Morning traffic can be insufferable, even if you do carpool with several others. You spend most of your day sitting in traffic, sitting at the office and then sitting in traffic again to get home where you sit some more for dinner and relaxation time. On top of that, you may have several days a month where you cannot seem to get going on time or you are running late. If you want to incorporate speed and fitness into your daily commute, here are some possible suggestions (just do not attempt any of these in heels!).
In many major cities across the country now, there are "rent a bicycle" stations. These bicycle stations are located close to other forms of public transportation, such as a subway entrance or a bus stop. A quick slip of your debit or credit card allows you to rent a bike for one hour and return it to any other rent-a-bicycle station in the city. You could even start out slow and easy by taking the subway or bus most of the way to work, then renting the bicycle to get the rest of the way there. Any of these options is frequently faster than carpooling in bumper to bumper traffic.
If there is enough open sidewalk space or your city allows you to rollerskate in the bike lane, you could always rollerskate to work. Rollerblading, which became very popular in the last decade, is equally good for fitness and speed and even encourages better balance since you have to roll along on a single line of wheels instead of two pairs of wheels. You may want to take a dry run at this on your day off to see how long it will take you to get from home to the office. It may be slow-going at first and you will want to build up speed as you become more fit and can move more quickly with more control. Also, you will need to stash your work shoes in your desk, or take them with you in your work bag. (Ladies who decide to rollerskate or rollerblade to work should also avoid skirts and dresses to allow for freedom of movement and prevent the skirt or dress bottom from catching on anything as they zoom down the street.)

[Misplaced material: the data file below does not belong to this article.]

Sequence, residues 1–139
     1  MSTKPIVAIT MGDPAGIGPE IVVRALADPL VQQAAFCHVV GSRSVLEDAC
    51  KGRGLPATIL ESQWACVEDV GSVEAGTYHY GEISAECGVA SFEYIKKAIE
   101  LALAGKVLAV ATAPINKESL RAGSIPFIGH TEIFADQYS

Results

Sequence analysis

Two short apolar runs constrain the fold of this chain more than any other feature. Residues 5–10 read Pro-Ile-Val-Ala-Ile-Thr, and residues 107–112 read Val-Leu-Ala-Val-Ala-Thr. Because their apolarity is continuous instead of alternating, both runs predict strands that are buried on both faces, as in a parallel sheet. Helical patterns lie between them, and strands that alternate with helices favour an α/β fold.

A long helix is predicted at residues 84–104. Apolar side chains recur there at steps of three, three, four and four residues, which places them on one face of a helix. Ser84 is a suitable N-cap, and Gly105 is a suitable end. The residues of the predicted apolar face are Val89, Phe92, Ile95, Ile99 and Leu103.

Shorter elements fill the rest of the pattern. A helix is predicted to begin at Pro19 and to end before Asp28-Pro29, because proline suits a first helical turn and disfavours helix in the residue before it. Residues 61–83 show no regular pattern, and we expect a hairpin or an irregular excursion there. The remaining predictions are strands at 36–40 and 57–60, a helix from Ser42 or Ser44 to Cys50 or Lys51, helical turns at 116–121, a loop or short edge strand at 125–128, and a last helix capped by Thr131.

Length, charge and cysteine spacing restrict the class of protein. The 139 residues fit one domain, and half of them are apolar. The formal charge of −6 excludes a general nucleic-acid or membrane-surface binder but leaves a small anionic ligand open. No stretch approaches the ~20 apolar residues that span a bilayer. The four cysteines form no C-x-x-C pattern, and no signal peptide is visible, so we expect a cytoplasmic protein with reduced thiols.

Skateboarding requires an even higher level of fitness because you have to stay on the board, consistently push off the ground to create momentum and speed, and your body has to control the direction of the board using both feet and some of your lower torso. Once you have moved beyond the fitness levels required for biking, rollerskating and/or rollerblading, you may want to skateboard to work to increase your fitness and speed even further. Since most cities do not allow skateboards on sidewalks, be prepared to move along in the bike lane and watch for carpooling commuters who may try to move into the bike lane to get around traffic. Contact a business, such as Tri-A-Bike Inc, for more information.